Every child admitted between January 2000 and December 2011 (12 years) with a definite or probable diagnosis of invasive meningococcal disease was included. Invasive meningococcal disease was defined according to the 2010 Centres for Disease Control and Prevention criteria. A definite diagnosis was considered upon the isolation of Neisseria meningitidis in a sterile fluid culture

(blood, cerebrospinal fluid) and a probable diagnosis when clinical manifestations were compatible, in the absence of micro-organism isolation.13 Sepsis, organ dysfunction and

multi-organic failure have been defined according to the International Paediatric Sepsis Consensus Conference criteria.8

The following variables were collected through analysis of clinical records and database: year of admission, age, gender, time lapse between the start of disease and ICU admission, use of secondary inter-hospital transport (STEP-INEM), Meningococcus isolation and serotype, severity index (paediatric risk of mortality - PRISM score), organ dysfunction type, administered therapy, mortality and PRISM standardized mortality ratio.14

Two periods of time were considered, according to the year of hospital admission: period A from 2000 up to 2005 and period B from 2006 up to 2011 and the above mentioned

variables were compared within these timeframes.

Data statistical analysis was carried out using Statistical Package for the Social Science® software, version 19. Our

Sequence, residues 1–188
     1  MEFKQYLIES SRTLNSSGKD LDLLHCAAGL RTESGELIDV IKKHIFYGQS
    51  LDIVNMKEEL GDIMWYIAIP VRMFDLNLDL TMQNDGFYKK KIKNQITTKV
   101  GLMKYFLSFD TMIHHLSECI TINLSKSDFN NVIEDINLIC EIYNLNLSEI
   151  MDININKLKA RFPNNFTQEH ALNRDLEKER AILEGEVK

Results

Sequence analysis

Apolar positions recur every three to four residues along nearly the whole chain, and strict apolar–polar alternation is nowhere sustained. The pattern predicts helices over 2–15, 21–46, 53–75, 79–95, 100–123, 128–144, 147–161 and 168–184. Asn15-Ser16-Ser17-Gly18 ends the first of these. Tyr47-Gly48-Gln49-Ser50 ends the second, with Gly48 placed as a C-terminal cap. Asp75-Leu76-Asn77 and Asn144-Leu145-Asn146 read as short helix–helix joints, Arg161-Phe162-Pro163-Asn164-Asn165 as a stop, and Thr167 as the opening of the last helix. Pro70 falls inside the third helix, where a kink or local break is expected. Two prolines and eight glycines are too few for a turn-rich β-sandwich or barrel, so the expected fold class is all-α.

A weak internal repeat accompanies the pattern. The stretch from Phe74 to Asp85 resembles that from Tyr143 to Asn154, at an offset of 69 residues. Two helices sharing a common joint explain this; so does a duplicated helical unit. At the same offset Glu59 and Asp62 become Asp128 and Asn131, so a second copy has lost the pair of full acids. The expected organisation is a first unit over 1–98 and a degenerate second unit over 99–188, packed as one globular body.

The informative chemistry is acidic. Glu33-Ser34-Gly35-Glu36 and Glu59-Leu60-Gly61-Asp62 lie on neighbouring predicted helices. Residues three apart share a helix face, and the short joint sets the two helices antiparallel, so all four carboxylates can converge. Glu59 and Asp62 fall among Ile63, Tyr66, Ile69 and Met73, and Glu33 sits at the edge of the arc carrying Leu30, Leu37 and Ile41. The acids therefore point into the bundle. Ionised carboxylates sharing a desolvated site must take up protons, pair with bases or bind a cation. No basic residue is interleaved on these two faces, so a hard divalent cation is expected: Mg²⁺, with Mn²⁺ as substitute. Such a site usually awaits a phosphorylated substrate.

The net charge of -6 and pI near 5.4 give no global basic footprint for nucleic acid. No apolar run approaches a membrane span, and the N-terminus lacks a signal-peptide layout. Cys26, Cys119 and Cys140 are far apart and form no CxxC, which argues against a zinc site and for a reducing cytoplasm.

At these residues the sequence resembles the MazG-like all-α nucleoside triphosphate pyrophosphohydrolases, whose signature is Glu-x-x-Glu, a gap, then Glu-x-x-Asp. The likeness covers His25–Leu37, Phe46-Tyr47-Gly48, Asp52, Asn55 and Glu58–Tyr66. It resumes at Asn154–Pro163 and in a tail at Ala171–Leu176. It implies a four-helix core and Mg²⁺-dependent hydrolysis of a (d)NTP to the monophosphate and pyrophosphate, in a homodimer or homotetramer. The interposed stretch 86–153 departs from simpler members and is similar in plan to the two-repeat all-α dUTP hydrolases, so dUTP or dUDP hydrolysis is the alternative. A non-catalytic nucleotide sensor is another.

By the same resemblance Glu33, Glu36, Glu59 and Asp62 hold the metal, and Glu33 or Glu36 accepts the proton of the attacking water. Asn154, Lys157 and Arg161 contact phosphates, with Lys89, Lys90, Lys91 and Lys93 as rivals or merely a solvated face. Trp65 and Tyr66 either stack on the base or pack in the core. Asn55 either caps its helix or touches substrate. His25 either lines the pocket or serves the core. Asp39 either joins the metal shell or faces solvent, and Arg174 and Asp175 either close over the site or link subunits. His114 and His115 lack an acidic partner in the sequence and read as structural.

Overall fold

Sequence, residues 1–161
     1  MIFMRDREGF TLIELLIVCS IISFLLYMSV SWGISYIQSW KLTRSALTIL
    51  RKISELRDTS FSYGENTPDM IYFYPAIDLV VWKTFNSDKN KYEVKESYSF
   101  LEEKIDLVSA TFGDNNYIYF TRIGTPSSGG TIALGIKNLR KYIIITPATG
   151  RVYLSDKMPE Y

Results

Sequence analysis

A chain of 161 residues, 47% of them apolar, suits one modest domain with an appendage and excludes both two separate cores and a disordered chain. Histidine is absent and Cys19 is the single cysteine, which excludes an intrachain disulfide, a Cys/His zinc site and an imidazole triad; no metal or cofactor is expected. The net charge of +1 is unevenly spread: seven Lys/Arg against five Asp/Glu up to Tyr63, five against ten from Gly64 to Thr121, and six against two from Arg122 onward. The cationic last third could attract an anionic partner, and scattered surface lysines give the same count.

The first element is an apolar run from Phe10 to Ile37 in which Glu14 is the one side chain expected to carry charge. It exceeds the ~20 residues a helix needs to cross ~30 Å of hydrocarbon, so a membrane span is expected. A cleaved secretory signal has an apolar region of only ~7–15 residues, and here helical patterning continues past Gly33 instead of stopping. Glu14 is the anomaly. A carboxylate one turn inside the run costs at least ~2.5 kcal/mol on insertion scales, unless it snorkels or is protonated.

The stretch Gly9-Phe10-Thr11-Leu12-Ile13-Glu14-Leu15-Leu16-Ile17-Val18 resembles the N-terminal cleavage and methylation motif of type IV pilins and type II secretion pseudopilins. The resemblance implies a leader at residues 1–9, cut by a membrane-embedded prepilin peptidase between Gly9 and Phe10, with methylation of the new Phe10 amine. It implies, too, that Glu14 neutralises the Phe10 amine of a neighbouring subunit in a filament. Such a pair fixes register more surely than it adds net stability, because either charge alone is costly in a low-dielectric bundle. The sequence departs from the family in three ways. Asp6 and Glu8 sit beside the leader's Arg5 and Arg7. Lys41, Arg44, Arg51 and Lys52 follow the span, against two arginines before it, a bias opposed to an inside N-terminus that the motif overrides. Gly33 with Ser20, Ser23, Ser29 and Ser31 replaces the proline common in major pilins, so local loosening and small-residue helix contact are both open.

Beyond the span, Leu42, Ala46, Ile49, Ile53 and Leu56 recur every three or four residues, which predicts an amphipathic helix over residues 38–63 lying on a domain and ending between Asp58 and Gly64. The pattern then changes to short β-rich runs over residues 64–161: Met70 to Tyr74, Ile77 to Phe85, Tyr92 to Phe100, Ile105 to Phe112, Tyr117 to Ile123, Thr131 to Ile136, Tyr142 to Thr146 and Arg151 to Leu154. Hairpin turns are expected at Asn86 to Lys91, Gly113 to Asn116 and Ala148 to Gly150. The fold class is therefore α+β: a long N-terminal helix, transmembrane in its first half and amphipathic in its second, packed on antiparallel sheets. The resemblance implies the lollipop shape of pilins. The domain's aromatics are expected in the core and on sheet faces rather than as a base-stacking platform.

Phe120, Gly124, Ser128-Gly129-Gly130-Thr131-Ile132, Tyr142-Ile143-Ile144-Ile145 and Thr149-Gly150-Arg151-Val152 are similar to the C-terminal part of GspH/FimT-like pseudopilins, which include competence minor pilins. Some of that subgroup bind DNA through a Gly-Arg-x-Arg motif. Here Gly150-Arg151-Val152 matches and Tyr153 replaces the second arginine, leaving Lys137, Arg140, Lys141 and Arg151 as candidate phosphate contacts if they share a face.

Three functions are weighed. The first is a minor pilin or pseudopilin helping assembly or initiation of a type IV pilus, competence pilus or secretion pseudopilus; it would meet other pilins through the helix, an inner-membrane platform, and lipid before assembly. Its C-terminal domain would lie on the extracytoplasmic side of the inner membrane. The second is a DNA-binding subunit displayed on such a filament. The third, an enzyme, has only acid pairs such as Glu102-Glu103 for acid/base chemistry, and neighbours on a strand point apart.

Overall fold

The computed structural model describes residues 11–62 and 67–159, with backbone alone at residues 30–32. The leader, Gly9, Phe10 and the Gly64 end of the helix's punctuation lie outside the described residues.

group of patients was characterised through assessment of central tendency and dispersion measures for quantitative variables and by determination of absolute and relative frequencies for qualitative variables. Normality testing (Kolmogorov-Smirnov) was used and as the quantitative variables did not present a normal distribution, they were therefore characterised by median and interquartile ranges (IQR). When comparing nominal and ordinal or quantitative variables without a normal distribution, the Mann-Whitney test was used. Chi-square or Fisher exact test were used to compare nominal variables, according to Cochran rules. A 5% significance level was considered.

RESULTS

Seventy children with a diagnosis of meningococcal invasive disease were admitted over the study period, accounting for 2.4% of all ICU admissions. The distribution over the years was variable, with a minimum number of 0 patients in 2011 and a maximum number of 12 patients in 2002 (median of 5.5 patients/year) - see Fig. 1. Median age was 2.2 (IQR: 0.8-4.5). A male predominance was observed (41/70, 58.6%). Median time between disease onset and hospital admission to the CIPE was 15.6 hours (IQR: 10.8-20). The specialized paediatric inter-hospital transport system (STEP-INEM) was activated for ten patients. Meningococcus was isolated in biological fluids in 60% of the patients (42/70), namely in blood cultures (29/42, 69.0%), cerebrospinal fluid cultures (5/42, 11.9%) or in both (8/42, 19.0%). The serogroup of N. meningitidis was identified for

19 patients (45.2%) and serogroup B was the most common (n=10), followed by C (n=8) and Y (n=1). Clinically, most patients (48/70, 68.6%) presented with rapidly progressing purpura and meningitis was diagnosed in a smaller group of patients (26/70, 37.1%). Organ dysfunction was a frequent event (66/70, 94.3%). As infection progressed, 44 (62.9%) patients developed multi-organic failure criteria. The most frequent complications were cardiovascular (64/70, 91.4%), followed by haematological (42/70, 60.0%) and respiratory (19/70, 27.1%). Most patients required cardiovascular support (65/70, 92.9%) and some needed invasive ventilation (19/70, 27.1%) and/or haemodiafiltration (3/70, 4.3%). Median PRISM score was 3% (IQR: 1-19%). During the study period 12 deaths occurred, corresponding to 17.1% of the patients.